Alpina Revives The Bumper Movement For New Startimer Pilot Heritage Manufacture

Now here’s something you don’t see too often unless you’re a vintage Omega fan or know a bit about late eighteenth century watchmaking; a watch with a ‘bumper’ movement.  

Way before that nice Mr. Wilsdorf at Rolex started selling watches with oscillating winding weights, a French maker called Perrelet used a weight in his pocket watches that moved as the wearer walked. A stroll of just a quarter of an hour was enough to power the movement for eight days – not exactly the on-it exercise regime advocated by an Apple Watch. The great Abraham Louis Breguet tried his hand at bumpers, too with his “Perpetuelles”, but the idea didn’t really catch on until a British Watchmaker, John Harwood, patented his design in the early 1920s.  Harwood’s idea came from necessity. He wanted to find a way to eliminate the main route for dust, water and dirt to get into watch cases; the winding crown and its stem. His new ‘bumper’ self-winding mechanism meant he could use a sealed case and still power his watch.

Original bumper movement

How were these ‘bumper’ winding mechanisms different from the Rolex spinny weight? Instead of the winding weight running in a complete circle around a central pivot, the weight moved through a smaller arc with a spring at each end.  As it reached the end of its travel, the weight bumped against one of the springs and was sent back to its starting point where it was bumped again, so winding the watch.

Alpina has taken the idea of the bumper movement, updated it and used it in their new Startimer Pilot Heritage Manufacture. They’ve called their movement the AL-709 – it’s a manufacture movement, too (the clue’s in the name) and you can see it on display through the watch’s clear sapphire caseback.  

Where most vintage bumpers’ winding weights ran through a 120° arc, the new AL-709’s runs through 330°, so there’s more winding action to be had. At the same time, Alpina have ditched the springs at either end of the arc for a sprung and pivoted stop, so there’s more motion to impart to that weight. It’s a 26 jewel movement and beats at a very un-1950s 28,800vph. Blued screws are a classy touch and the plates are finished to look a little like the sort of brass you’d see on an original vintage bumper.

A bumper isn’t a compromise on power reserve either – the AL-709 has a decent 38 hours if you take it off and leave it in your watchbox.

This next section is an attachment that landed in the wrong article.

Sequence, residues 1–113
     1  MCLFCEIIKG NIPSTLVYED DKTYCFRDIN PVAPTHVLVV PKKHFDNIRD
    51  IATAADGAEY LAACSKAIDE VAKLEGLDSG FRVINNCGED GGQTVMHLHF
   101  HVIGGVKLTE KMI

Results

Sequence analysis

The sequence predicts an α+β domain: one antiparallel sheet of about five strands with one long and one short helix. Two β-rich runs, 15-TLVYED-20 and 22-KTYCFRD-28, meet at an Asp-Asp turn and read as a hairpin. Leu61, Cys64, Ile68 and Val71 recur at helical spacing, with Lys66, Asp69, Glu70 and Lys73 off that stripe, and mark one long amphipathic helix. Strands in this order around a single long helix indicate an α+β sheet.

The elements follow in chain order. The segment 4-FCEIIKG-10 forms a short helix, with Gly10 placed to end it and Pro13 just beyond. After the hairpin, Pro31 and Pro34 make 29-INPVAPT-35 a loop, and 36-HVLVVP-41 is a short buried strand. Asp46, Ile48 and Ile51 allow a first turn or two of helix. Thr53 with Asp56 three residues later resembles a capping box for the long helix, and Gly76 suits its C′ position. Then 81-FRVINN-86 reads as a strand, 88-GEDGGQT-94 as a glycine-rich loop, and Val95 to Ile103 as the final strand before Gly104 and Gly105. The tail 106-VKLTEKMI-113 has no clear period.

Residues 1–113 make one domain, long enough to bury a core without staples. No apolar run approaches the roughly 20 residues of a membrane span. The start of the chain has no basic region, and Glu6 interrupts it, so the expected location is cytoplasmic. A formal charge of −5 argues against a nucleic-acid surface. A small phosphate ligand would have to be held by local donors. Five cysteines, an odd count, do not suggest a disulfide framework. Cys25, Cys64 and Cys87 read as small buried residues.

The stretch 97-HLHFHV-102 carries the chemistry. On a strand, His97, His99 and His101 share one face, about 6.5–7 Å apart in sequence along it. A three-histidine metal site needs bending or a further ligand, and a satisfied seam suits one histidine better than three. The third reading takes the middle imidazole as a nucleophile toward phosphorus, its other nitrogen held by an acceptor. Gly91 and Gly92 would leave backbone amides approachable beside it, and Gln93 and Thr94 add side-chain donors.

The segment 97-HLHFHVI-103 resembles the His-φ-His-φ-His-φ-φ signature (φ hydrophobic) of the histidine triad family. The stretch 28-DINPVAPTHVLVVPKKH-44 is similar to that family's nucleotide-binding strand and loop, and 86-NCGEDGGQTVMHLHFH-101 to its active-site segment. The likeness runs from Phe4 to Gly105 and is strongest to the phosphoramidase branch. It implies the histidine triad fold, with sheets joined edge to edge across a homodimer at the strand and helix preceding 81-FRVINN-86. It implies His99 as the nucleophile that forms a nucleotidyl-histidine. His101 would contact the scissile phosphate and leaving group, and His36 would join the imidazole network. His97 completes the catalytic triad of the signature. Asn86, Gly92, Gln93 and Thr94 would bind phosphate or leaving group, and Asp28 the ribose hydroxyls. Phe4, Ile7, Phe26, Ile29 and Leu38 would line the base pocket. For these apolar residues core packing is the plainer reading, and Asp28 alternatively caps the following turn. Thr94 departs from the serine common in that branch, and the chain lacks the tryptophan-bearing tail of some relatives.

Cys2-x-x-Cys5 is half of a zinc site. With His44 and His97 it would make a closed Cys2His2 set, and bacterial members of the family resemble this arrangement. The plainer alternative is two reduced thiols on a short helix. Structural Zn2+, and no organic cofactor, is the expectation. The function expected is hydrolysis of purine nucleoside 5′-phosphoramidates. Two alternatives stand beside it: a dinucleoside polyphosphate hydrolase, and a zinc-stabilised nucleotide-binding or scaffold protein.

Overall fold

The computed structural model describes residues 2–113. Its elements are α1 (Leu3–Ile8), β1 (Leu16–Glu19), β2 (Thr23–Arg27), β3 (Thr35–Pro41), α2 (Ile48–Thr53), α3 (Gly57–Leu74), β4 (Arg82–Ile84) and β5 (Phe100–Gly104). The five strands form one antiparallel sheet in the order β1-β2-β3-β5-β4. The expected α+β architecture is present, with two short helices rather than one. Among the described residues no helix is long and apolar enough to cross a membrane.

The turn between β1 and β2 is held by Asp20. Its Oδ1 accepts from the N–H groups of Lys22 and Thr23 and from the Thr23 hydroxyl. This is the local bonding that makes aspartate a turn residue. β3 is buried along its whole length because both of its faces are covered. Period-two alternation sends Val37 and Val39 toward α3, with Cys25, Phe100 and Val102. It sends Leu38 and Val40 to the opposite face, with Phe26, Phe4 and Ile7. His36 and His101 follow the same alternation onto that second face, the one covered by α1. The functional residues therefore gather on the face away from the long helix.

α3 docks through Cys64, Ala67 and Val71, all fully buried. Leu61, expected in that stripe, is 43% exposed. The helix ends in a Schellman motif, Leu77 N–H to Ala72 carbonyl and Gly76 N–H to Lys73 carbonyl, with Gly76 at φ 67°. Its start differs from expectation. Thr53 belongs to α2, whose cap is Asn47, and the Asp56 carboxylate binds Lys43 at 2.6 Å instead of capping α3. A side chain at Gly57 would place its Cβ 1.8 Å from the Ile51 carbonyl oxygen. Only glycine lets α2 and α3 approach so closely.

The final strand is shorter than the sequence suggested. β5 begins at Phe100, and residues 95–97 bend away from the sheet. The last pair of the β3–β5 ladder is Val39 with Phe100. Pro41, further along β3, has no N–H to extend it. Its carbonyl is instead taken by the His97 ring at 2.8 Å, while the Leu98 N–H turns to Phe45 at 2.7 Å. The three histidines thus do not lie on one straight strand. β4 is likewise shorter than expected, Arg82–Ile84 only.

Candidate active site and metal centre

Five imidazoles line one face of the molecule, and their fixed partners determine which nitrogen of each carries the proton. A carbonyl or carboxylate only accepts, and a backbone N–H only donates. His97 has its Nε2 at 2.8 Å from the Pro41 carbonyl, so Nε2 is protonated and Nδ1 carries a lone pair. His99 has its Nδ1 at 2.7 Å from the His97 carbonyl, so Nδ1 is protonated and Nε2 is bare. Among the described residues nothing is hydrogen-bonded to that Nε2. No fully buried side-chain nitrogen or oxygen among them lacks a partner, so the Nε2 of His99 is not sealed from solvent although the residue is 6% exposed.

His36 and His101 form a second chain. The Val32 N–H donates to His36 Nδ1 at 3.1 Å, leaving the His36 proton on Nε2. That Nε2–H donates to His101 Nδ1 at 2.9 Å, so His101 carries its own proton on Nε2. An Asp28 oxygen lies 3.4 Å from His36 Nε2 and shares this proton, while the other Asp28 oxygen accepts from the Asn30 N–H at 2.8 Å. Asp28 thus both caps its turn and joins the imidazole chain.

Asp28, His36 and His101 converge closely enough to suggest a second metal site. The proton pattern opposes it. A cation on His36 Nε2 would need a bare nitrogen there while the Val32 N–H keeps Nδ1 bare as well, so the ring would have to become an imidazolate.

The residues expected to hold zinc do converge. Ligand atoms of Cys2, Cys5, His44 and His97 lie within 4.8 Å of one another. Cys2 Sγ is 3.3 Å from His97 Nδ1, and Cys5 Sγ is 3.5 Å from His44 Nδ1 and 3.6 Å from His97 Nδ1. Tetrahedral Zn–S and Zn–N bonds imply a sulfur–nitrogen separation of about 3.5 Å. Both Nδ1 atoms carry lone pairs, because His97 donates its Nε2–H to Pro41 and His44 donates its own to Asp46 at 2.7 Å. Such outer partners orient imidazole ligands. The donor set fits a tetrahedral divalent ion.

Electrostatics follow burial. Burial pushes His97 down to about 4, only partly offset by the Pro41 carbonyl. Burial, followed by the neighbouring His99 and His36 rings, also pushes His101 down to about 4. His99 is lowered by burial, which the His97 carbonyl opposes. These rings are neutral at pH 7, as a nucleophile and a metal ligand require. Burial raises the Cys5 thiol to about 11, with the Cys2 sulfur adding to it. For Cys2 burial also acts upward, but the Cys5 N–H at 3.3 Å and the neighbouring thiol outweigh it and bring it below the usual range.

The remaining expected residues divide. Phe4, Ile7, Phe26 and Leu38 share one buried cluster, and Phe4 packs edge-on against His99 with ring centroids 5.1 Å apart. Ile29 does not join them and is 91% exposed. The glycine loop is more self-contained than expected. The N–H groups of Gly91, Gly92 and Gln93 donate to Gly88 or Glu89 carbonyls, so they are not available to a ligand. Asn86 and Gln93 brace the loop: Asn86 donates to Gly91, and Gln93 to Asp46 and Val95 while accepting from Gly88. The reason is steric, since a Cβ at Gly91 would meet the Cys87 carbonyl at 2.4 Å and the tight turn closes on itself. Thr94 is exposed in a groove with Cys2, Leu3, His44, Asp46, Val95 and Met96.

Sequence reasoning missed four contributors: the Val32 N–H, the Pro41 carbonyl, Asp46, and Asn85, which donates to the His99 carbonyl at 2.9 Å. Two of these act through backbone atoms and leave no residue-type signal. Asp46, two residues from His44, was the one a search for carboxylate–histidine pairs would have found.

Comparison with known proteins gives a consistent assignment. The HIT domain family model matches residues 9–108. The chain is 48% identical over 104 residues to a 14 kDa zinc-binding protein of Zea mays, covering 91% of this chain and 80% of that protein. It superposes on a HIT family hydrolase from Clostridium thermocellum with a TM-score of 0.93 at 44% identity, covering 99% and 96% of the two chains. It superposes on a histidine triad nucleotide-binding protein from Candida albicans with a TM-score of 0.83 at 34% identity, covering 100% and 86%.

Alpina have put their new movement in a thoroughly appropriate 1950s cushion case – the one familiar from their other Startimer Pilot Heritage watches. There’s a mix of brushing and polishing that fits with the style well and links with Alpina’s original pilot watches from the 1950s. It’s a tad larger at 42mm diameter and just over 13mm deep, although the integrated lugs snug the case down onto your wrist. There’s no need to worry about getting it wet as the case is happy to 100m – as practically waterproof as most of us need. You get a choice of stainless steel or gold-plate.

That silver dial’s a bit of a beauty. It’s vertically brushed with applied silver and red-lumed indexes. The hands are clean and simple square-ended stick-style and also lumed. The second hand is unlumed and silver. 

Should you buy one? Well, you’re not going to find many (if any) other modern bumper movement watches out there. A vintage model would be easier to pin down, but once you’ve factored in a service and any repairs you may well be close to the $2,850 asking price for this one. There’s something very engaging about a bumper movement on your wrist, too. Rather like a valjoux 7750, it’ll remind you that it’s there every so often. So if you’re looking for something that’s out of the ordinary, why not? Alpina.

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Mark developed a passion for watches at a young age. At 9, he was gifted an Omega Time Computer manual from a local watch maker and he finagled Rolex brochures from a local dealer. Today, residing in the Oxfordshire village of Bampton, Mark brings his technical expertise and robust watch knowledge to worn&wound.
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